Either you like bacon, or you're wrong

Steve is a big fan of bacon.

Spick and span

Ann is obsessed with cleaning the kitchen counters.

For the win

Steve was a four-year varsity letterman in fencing at Lawrence University. Ann was a two-time state champion golfer at Crete High School.

FAQs

Q: Why ‘Postcard Jar?’

A. Ann read a home decorating blog post on Young House Love

Ironically, the first postcard we sent home was from the home of our first U.S. President, George Washington. We jotted down highlights from our visit on the postcard, including the view from the rocking chairs on the back porch overlooking the Potomac River and the Maryland shore.about saving postcards from places you visit and displaying them in a glass vase. She loved the idea and from that point on in May of 2011, whenever we traveled together we’d send a postcard back home.

After we got married, Ann bought a big jar and in about six years, we’ve added more than 100 postcards to the jar which adorns a table in the entryway of our home. Our postcard jar is a constant reminder of where we’ve been and the things we’ve experienced together and we couldn’t think of a more fitting name for our blog.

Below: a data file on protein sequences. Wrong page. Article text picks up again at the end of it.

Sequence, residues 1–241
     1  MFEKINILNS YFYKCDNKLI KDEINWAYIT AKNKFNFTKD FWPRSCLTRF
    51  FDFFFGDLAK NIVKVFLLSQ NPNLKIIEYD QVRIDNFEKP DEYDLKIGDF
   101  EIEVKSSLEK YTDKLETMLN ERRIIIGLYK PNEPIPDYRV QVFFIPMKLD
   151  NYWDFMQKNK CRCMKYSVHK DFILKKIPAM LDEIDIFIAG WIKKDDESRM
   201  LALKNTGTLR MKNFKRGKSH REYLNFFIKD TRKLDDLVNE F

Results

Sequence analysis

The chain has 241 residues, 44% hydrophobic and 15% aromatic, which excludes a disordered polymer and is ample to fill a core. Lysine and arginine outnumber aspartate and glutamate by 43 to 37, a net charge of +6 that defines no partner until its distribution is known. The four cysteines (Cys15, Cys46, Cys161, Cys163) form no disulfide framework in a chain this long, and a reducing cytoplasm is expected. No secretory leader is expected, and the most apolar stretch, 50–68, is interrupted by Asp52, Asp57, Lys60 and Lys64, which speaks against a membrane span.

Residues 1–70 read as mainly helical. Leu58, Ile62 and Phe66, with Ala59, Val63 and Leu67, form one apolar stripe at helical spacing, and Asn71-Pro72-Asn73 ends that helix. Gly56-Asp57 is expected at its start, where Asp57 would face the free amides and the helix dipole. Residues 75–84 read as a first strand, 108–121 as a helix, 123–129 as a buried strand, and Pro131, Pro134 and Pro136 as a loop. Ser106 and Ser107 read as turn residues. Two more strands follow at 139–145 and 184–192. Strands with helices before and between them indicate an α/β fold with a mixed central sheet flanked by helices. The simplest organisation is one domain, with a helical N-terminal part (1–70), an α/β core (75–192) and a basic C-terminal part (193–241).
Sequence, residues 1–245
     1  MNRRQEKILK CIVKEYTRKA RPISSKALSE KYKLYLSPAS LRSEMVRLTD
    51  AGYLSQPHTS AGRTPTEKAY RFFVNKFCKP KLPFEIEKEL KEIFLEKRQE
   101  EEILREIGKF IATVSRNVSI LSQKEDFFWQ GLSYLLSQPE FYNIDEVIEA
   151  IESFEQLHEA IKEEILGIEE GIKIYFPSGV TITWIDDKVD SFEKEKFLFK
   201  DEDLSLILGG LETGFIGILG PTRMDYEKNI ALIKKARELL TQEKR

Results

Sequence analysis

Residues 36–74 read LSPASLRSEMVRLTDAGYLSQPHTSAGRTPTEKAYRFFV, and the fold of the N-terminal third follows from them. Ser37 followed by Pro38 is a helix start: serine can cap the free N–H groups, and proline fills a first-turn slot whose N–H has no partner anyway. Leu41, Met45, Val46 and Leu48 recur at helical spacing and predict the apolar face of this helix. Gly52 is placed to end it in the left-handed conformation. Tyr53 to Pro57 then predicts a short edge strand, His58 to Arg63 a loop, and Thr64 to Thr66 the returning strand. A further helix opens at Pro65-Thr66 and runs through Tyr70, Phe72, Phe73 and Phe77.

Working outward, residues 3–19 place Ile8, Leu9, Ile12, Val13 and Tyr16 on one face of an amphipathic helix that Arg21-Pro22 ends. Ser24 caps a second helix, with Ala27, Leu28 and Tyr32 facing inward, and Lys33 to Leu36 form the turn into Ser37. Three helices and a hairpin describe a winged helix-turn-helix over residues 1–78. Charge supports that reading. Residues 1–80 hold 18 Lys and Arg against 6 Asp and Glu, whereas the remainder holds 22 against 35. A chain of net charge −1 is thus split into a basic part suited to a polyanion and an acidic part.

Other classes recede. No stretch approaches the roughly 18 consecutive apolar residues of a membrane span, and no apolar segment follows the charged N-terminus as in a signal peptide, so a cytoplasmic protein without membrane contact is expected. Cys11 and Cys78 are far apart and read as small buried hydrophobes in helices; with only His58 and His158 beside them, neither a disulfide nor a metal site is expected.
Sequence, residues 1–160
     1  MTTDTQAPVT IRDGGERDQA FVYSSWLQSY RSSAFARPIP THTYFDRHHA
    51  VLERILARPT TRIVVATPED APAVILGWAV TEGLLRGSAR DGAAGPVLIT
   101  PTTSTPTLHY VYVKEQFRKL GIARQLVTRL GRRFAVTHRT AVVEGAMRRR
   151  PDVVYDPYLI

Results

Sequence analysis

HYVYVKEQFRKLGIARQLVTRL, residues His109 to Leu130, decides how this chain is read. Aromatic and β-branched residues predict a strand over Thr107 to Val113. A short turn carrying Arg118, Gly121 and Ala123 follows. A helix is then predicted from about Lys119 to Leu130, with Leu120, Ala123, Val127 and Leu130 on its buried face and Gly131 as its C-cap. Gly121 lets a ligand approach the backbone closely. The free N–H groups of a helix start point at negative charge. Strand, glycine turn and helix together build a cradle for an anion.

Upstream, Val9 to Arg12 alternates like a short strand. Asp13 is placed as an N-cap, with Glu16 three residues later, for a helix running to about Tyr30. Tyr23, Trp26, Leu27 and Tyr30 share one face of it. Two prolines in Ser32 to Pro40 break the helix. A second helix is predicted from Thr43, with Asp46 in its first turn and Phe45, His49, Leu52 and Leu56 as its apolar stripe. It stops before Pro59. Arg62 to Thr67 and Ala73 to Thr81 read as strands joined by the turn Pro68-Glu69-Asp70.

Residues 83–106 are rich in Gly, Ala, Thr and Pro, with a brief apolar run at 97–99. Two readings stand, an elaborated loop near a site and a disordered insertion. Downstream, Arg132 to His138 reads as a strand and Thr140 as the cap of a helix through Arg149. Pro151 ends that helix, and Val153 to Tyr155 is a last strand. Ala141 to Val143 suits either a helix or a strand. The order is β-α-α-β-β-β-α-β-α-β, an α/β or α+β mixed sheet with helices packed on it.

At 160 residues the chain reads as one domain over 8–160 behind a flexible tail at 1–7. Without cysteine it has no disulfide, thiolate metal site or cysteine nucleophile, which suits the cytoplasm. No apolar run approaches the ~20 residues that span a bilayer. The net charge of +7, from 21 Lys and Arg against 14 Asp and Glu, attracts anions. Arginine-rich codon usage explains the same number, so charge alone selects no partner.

Q: How did you two meet and how long have you been married?

A: To be honest, we’re not sure how we met. We both lived in the small, rural Nebraska town of Crete for more than nine years, but neither of us can remember a specific time or place we actually met. Likely, we became aware of whom the other person was several years ago when Ann came to Crete High School on Thursday mornings to volunteer as a mentor and Steve worked as an administrator in the office there. We exchanged hellos and eventually shared brief conversations. In June of 2010, Ann asked Steve to go to a College World Series game (read more about that here) and the rest is history. We dated for a little more than a year, had a 10-week engagement, and were married Aug. 27, 2011.

Steve and Ann of www.postcardjar.com on their wedding day. (Photo by Aaron Babcock).

Q: Where did you go on your honeymoon?

A:  Steve had a trip to Costa Rica booked about 25 minutes after proposing (read more about the proposal here). Steve had studied Spanish in Costa Rica and been there several times and while he was not particularly concerned about the wedding details (flowers, music, food, etc.). But he was adamant that the honeymoon was spent in the land of Pura Vida and he planned a romantic honeymoon that did not disappoint.